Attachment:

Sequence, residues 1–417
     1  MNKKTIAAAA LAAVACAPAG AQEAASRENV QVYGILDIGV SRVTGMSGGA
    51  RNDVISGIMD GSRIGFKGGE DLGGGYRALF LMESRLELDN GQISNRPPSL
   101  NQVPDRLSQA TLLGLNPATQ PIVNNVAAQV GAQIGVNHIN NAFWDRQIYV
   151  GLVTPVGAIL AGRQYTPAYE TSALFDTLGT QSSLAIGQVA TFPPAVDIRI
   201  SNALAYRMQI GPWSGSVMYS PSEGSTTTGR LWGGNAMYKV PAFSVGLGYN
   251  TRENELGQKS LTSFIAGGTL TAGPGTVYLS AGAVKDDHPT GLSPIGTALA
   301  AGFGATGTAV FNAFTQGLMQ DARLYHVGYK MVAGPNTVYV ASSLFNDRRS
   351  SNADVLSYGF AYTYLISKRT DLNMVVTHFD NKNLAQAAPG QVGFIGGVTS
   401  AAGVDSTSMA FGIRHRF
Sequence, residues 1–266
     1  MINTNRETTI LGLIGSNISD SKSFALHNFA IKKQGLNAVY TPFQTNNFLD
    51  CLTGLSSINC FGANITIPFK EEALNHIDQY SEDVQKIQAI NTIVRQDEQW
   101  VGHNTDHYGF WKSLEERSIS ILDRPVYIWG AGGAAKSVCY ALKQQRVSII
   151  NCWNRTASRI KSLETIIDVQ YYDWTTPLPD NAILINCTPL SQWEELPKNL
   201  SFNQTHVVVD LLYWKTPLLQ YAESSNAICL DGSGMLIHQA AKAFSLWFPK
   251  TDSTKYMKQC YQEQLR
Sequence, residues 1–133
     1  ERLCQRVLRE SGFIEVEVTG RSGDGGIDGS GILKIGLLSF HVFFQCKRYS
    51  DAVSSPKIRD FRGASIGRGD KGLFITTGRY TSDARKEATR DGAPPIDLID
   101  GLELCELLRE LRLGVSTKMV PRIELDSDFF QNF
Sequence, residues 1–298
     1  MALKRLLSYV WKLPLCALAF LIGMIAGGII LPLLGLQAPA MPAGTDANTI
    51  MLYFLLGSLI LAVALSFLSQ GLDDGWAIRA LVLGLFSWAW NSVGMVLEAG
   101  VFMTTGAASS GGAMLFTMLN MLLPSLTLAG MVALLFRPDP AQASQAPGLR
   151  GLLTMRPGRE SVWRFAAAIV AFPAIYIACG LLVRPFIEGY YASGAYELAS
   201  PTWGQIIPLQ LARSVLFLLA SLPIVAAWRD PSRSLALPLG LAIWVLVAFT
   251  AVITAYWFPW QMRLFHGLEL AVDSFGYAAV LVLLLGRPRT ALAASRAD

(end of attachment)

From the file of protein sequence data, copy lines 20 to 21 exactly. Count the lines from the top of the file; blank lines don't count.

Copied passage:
    51  DAVSSPKIRD FRGASIGRGD KGLFITTGRY TSDARKEATR DGAPPIDLID
   101  GLELCELLRE LRLGVSTKMV PRIELDSDFF QNF